How does that work?

Nov. 09, 2009, 12:38 p.m. (ET)

Disabled (adaptive) ski racing has many amazing athletes with all different types of physical disabilities. Ski racing is usually an individual sport. When you go through the start gate... it is you, and only you.

With a visually impaired ski racer, it is a team effort and each athlete has equal importance. A guide is an athlete, too. They are not always treated with that same respect, but people do need to know without a guide there would not be visually impaired skiers. I hope to help educate and change the misunderstanding about a visually impaired athlete and their guide as we continue through this journey.

It is a "visually impaired team," not an athlete and their guide. Guiding is not something just anyone can do. As a guide you have to be just as committed, ski faster and also be able to turn around at any given moment to look behind you at the other athlete when at high speeds.   This is not an easy task, and takes a lot of training as a team.  Finding the right guide is definitely the hardest part for a visually impaired skier. To be able to trust in that person one hundred percent, and find a guide who has the same goals as you.

Well, we can not give you all of our secrets; but will share the generic way things happen on  the race course, and in training. My guide, Rob, always will ski in front so he can tell me what is coming up in the course, and what I may feel as we are skiing down it. We wear headsets that are an open line of communication between the two of us. This allows Rob to continue speaking to me and coaching me as we race down.

Our communication skills as a married couple and on the race course are amazing from this adventure. This defiantly is a challenge because I do rely on what he says and trust he will not forget to tell me about what is coming up. No one is perfect, and there have been mistakes. You can say that is a lot of pressure on a guide.

For me, I am holding on to every word and reacting as best as I can. Rob seems to like the challenge and has grown from this experience. He has to really be careful on what word he chooses, because they can be misunderstood.  As for me I have learned to trust, which is something I have never been good at.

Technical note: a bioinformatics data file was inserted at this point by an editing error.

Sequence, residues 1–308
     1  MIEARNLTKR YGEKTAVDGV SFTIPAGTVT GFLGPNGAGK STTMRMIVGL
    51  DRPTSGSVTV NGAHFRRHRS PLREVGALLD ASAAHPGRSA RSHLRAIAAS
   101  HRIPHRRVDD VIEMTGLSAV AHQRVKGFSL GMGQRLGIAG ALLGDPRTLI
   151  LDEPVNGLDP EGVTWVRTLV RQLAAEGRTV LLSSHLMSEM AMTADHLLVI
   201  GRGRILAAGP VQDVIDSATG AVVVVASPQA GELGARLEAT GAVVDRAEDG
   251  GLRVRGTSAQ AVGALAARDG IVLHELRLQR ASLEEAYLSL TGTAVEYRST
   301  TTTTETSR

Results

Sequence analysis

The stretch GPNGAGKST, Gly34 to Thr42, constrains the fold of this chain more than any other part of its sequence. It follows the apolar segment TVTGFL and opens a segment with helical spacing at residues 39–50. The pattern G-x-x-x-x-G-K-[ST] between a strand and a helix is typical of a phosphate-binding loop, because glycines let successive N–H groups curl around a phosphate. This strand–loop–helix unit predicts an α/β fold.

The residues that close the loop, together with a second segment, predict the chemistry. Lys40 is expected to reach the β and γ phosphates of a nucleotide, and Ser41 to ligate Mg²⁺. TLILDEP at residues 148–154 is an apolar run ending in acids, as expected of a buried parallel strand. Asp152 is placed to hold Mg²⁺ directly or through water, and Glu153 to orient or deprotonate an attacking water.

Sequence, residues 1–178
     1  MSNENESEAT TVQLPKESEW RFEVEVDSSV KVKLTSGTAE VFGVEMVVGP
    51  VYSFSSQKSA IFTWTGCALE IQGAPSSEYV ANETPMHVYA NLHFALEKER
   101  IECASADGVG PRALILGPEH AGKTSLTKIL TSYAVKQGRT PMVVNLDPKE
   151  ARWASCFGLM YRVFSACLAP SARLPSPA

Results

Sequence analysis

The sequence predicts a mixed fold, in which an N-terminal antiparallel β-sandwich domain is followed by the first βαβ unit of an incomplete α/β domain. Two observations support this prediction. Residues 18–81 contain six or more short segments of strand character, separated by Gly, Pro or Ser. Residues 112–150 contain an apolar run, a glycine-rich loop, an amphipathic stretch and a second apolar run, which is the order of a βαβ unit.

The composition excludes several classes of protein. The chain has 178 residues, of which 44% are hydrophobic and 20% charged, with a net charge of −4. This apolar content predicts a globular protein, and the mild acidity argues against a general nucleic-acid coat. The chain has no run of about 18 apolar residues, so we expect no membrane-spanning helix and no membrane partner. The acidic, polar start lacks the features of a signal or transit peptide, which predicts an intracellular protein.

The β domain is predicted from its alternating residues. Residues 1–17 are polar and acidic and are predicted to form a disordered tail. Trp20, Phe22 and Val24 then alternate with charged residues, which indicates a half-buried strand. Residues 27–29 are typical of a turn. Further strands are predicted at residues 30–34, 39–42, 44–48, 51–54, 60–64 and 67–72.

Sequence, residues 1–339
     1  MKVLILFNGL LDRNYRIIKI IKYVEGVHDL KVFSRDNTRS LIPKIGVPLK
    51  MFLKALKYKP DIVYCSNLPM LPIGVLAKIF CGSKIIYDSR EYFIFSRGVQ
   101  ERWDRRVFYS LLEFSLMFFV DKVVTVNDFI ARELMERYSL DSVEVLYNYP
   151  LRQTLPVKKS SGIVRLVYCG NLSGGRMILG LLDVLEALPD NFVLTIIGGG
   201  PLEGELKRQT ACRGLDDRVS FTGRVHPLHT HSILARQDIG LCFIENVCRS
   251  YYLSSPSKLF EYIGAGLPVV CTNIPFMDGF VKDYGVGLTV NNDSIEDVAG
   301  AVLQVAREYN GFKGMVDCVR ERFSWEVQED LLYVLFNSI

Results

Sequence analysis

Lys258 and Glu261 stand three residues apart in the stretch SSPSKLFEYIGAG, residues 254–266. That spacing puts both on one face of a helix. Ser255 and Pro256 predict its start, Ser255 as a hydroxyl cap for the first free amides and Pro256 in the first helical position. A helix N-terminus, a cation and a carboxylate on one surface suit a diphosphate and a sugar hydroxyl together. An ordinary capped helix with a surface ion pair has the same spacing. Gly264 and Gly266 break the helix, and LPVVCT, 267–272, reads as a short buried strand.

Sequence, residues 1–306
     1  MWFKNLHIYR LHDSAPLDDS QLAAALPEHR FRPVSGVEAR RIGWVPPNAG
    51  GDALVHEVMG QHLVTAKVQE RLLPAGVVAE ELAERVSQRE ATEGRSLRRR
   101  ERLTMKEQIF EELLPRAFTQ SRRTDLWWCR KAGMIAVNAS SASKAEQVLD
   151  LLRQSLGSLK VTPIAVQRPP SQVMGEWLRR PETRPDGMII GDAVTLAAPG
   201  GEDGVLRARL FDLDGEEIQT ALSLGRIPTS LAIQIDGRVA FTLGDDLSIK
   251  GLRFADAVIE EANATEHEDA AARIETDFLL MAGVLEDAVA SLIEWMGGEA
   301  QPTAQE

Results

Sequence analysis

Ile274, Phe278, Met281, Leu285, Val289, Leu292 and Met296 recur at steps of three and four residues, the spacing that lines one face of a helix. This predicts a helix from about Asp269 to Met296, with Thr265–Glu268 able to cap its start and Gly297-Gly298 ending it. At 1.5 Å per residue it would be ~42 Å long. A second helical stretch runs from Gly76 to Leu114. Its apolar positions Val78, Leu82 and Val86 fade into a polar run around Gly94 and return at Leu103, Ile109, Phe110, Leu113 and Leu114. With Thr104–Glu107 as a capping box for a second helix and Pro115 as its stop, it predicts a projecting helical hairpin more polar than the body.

Our adventure has taught me to trust and believe in my husband/guide. Timing between us is the most crucial part, it has to be just right or I may be using that red or blue gate as dental floss. As you have probably seen by now in our pictures, Rob wears a bright orange bib, which has to be contrast from his speed suit so I can try to pick up on the bib with what little sight I do have. The closer we are, the better.

With disabled skiing there are many different classifications. There are three categories of disabled ski racers - stand up, sit skier, and the visually impaired. These three groups compete amongst themselves.  Times are adjusted within the category based on the athlete's degree of disability. Blind skiers are separated into three groups depending on the severity of their vision loss. It ranges from total blindness to having partial sight.

Visually impaired groups:

  • B1 - Totally blind participants with vision up to light perception / hand movement  (the visually impaired athlete wears  blacked out goggles)
  • B2 - visual acuity of 2/60 and/or visual field of less than 5 degrees (this is my classification)
  • B3 - visual acuity above 2/60 to 6/60 and/or visual field of more than 5 degrees and less than 20 degrees

All visually impaired groups compete against each other; their time is just adjusted to their visual acuity.  I wanted to share this information with you now because the season is about to begin, and I want everyone to know how it works.

To learn more about us, go to our website www.Vision4Gold.org

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